Number of books read in 2014: 281

Books per month average: 23.4

Total page count: 54,111 (most picture books are 32 pages, most audiobooks are “unpaged”)

Fiction/Nonfiction split: 244 fiction/37 nonfiction

Books read minus 6 partially-read books: 275

And minus 128 picture books: 147

Books per month average minus partially-read books and picture books: 12.25

Audiobooks: 20, including a few re-reads (Will Grayson, Will Grayson; My Sister Lives on the Mantelpiece; Landline; Every Day), not including one I didn’t finish (White Tiger)

The male/female author split in my library (read, currently reading, and to-read)

Figure 1: The male/female author split in my library (read, currently reading, and to-read)

Female/male authors: roughly 50/50 if this year is consistent with my library as a whole (see Fig. 1)

5-star ratings: 18 books (though two of them were The Very Hungry Caterpillar, one in English and one in Spanish).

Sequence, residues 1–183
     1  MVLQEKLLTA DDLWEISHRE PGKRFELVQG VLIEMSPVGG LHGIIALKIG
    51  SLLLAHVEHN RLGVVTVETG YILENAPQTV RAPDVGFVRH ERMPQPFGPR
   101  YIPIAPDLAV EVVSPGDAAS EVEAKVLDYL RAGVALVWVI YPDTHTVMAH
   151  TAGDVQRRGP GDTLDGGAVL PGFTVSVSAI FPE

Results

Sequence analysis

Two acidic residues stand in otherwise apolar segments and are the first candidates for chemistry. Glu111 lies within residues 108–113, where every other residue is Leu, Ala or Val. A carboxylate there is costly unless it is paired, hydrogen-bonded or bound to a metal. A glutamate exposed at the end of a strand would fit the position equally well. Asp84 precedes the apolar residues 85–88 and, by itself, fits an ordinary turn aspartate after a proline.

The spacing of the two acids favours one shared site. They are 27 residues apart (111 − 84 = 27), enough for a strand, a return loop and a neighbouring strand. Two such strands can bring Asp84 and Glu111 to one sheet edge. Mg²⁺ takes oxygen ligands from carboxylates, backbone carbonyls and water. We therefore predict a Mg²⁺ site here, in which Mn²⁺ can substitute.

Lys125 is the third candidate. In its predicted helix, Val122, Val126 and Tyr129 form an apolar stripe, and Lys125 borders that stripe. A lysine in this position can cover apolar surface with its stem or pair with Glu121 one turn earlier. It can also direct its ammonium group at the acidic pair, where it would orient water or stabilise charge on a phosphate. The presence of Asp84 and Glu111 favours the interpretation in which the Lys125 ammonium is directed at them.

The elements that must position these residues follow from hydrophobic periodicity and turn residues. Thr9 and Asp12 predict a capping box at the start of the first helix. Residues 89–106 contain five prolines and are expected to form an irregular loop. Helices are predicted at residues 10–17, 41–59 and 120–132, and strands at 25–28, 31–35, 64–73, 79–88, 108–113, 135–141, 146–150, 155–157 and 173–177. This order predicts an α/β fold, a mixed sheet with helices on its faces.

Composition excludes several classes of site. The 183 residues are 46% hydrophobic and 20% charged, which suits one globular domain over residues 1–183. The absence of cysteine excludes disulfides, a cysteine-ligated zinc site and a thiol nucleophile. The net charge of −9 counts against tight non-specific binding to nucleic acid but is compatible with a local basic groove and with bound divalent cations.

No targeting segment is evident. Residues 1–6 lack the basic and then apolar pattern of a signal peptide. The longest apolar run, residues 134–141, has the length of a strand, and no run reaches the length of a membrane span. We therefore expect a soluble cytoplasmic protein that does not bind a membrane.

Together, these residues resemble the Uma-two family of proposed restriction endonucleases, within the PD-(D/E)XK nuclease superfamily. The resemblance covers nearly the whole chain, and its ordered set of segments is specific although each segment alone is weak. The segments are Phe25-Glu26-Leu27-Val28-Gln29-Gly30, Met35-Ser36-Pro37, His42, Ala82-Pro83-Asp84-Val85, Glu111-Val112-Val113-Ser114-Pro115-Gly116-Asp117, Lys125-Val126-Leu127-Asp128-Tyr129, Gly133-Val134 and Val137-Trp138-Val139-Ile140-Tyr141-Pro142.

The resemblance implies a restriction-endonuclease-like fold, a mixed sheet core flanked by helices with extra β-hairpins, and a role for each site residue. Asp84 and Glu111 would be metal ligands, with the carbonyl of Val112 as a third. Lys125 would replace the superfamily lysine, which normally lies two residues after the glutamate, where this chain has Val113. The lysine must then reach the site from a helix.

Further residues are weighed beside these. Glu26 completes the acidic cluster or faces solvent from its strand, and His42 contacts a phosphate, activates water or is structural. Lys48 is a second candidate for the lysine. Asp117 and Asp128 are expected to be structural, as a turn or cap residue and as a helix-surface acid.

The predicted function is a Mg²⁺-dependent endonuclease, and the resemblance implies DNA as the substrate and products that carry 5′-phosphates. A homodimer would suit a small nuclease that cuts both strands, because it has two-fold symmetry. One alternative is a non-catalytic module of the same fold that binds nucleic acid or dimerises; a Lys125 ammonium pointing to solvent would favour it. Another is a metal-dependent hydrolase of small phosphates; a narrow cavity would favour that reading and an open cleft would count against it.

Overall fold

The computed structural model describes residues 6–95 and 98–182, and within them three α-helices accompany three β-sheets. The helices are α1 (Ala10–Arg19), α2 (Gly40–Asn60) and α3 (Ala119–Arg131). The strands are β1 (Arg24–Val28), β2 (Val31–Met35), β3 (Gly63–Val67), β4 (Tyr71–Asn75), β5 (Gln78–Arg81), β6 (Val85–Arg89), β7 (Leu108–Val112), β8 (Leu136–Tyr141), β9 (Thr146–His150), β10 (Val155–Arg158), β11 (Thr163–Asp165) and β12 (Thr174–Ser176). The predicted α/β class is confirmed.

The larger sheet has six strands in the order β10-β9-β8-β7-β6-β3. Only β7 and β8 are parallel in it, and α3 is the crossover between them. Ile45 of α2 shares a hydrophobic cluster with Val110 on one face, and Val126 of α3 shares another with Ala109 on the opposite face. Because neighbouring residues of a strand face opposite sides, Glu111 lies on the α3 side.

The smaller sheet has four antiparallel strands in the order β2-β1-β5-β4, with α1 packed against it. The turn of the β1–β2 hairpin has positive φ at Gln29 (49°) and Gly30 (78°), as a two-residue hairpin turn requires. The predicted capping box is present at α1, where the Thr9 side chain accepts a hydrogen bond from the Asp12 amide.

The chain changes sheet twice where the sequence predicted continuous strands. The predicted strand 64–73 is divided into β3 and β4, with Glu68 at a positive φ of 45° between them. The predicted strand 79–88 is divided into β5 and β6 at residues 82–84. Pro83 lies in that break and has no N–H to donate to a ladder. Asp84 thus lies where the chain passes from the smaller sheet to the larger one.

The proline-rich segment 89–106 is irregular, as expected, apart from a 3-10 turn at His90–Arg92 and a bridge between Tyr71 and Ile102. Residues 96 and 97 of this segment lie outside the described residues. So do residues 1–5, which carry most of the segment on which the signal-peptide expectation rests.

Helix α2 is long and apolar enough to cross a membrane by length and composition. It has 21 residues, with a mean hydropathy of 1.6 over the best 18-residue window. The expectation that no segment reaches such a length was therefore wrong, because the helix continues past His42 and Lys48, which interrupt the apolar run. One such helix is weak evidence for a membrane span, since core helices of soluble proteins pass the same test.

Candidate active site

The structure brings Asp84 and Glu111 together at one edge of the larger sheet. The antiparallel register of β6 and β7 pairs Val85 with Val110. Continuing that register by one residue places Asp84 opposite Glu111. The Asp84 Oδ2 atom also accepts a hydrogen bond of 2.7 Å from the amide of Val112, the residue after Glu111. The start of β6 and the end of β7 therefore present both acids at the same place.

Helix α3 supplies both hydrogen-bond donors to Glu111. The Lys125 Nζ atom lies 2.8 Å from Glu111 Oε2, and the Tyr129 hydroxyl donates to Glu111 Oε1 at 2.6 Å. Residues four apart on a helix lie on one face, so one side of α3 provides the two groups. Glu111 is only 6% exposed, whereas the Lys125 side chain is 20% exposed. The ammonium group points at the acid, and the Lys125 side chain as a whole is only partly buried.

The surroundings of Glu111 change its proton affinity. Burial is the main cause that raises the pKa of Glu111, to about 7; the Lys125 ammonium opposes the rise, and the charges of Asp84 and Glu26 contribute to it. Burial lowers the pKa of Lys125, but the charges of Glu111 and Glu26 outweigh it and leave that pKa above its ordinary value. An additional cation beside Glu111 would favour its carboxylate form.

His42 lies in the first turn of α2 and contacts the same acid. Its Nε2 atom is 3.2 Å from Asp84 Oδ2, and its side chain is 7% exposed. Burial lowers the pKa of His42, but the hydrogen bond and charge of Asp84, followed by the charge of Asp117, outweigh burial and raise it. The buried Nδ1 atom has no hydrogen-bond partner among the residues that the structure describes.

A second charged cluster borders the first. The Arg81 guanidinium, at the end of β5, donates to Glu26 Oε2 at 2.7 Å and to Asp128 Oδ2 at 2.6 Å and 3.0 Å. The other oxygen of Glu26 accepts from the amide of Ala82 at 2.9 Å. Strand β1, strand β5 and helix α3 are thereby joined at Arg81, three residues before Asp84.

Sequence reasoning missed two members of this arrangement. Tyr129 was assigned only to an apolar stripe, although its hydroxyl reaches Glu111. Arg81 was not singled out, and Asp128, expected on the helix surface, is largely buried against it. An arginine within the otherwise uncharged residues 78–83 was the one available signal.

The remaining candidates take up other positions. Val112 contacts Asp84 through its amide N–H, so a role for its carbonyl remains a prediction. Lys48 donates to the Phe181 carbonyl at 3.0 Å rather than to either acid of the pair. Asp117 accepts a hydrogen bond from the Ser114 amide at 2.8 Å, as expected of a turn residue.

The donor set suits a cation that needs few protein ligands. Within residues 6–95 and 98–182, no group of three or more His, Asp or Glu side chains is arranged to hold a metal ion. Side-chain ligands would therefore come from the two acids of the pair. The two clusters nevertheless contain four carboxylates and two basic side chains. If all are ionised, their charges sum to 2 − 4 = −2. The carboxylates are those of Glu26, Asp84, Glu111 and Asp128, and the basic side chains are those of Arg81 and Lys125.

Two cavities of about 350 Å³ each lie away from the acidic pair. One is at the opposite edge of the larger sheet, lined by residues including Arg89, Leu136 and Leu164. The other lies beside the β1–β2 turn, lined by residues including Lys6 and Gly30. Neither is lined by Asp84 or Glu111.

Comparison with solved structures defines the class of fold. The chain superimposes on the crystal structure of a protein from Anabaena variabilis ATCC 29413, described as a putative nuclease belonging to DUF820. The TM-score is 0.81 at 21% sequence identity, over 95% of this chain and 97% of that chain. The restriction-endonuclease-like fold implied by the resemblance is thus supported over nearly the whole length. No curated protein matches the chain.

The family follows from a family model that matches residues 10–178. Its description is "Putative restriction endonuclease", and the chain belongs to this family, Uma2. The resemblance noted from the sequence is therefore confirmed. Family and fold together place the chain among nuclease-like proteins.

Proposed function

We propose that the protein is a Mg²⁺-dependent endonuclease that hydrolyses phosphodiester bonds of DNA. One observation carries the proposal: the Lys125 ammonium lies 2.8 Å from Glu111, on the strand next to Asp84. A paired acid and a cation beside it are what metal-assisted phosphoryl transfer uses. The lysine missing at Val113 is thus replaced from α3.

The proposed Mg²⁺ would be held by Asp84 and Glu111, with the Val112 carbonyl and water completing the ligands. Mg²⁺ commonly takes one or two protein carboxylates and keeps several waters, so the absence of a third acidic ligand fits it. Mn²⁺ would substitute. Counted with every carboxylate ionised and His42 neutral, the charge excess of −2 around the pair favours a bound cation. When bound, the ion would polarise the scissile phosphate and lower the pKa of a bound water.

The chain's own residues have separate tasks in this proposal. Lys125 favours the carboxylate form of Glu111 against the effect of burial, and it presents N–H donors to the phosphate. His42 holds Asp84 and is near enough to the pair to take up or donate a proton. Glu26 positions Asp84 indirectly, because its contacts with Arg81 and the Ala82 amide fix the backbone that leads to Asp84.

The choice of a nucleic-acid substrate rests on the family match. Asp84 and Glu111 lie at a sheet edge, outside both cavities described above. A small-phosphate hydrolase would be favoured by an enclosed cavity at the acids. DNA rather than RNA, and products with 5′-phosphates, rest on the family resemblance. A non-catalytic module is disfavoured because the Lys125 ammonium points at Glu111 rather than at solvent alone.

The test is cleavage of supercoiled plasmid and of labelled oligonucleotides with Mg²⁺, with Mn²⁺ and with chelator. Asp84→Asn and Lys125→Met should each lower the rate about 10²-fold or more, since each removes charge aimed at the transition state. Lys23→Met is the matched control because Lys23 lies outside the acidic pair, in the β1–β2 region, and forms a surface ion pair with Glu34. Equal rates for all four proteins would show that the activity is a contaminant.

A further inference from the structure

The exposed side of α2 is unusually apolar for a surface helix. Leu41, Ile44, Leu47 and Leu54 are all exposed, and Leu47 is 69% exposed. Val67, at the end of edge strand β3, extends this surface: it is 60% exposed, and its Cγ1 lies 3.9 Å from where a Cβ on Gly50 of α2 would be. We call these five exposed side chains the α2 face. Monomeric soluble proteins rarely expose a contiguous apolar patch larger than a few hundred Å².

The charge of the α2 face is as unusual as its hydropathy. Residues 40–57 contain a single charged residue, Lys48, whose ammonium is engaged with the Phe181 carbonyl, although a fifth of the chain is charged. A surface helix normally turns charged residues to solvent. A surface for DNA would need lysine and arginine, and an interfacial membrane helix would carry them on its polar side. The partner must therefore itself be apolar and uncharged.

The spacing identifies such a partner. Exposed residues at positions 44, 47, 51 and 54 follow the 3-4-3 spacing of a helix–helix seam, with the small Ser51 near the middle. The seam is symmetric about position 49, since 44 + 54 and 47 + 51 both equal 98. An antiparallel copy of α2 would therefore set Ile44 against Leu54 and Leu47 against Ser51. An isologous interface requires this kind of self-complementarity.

And as Linda wrote, “I stand by my 5-star ratings, but when I look at what I read this year, there are many other books that really jump out at me, that when I see them on the list I think ‘That one was really good.'” It’s hard to tell, when you finish a book you really liked or loved, if it will stick in your mind or not. Some fade quickly, and others continue to grow in your memory until they’re firmly lodged there; these are the ones you end up recommending to others for years, even if they weren’t the ones you raved about the instant you finished reading the last page.